The Jameel Prize began in 2009 as a partnership between the V&A and the Abdul Latif Jameel Community Initiatives, aimed to raise awareness of the merging between contemporary art and Islamic design traditions, and hoping to foster debate about Islamic art and culture as a whole. With £25,000 on the line as the prize purse, it’s no wonder that there were more than 270 submissions from artists from every corner of the planet.

In a close battle between such a wide range of creations, from carpets made of pixels or concrete, to paintings made of tiny dots of ink or cardamom, and everything in between, on December 10 the judges finally came to a decision and awarded the prize to the cream of the crop: Dice Kayek and their Islamic architectural dresses.

“We didn’t expect to win! It’s the first time that the Jameel Prize is given to fashion designers,” said Ayse Ege, half of the sisterly duo that makes up Dice Kayek.

Martin Roth, the V&A’s director who led the judges, said that they were, “struck by the way that Dice Kayak’s work uses Islamic inspiration in a completely secular context, taking it into a new world — that of contemporary fashion.”

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Ayse and her sister Ece established their Turkish fashion label back in 1992. Their submission, Istanbul Contrast, highlighted three dresses out of the 26 in their full collection that sought to conjure up the architectural and artistic heritage of Istanbul. As you gaze upon the hand-woven Caftan, made of its regal gold and silver brocade, you get the unmistakable sense of power and honor that must have come with the similarly-styled robes of Ottoman rulers of old. Dome 2, made of a light-weight cotton organdie, looks the simplest of the three, but is hand-folded to mimic the layered domes of Istanbul›s Blue Mosque. Finally, Hagia Sophia, a beautiful satin coat with detailed, hand-stitched embroidery and antique glass beads, drew its inspiration from the interior of its namesake, one of the most famous landmarks in the world.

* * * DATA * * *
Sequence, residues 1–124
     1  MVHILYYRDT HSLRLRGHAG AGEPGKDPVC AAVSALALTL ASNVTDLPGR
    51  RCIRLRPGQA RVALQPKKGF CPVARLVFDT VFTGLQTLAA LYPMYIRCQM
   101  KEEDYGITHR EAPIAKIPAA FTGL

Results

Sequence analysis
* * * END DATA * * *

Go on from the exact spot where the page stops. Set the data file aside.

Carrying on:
“Every dress is a symbol and interpretation of Istanbul’s diverse architecture,” said Ece. “It’s a city of contrast, where east meets west and modernity and tradition coexist.”

“The judges felt that Dice Kayek’s work demonstrates how vibrant and creative Islamic tradition continues to be today,” said Roth. “The translation of architectural ideas into fashion shows how Islamic traditions can still transfer from one art form to another, as they did in the past.”

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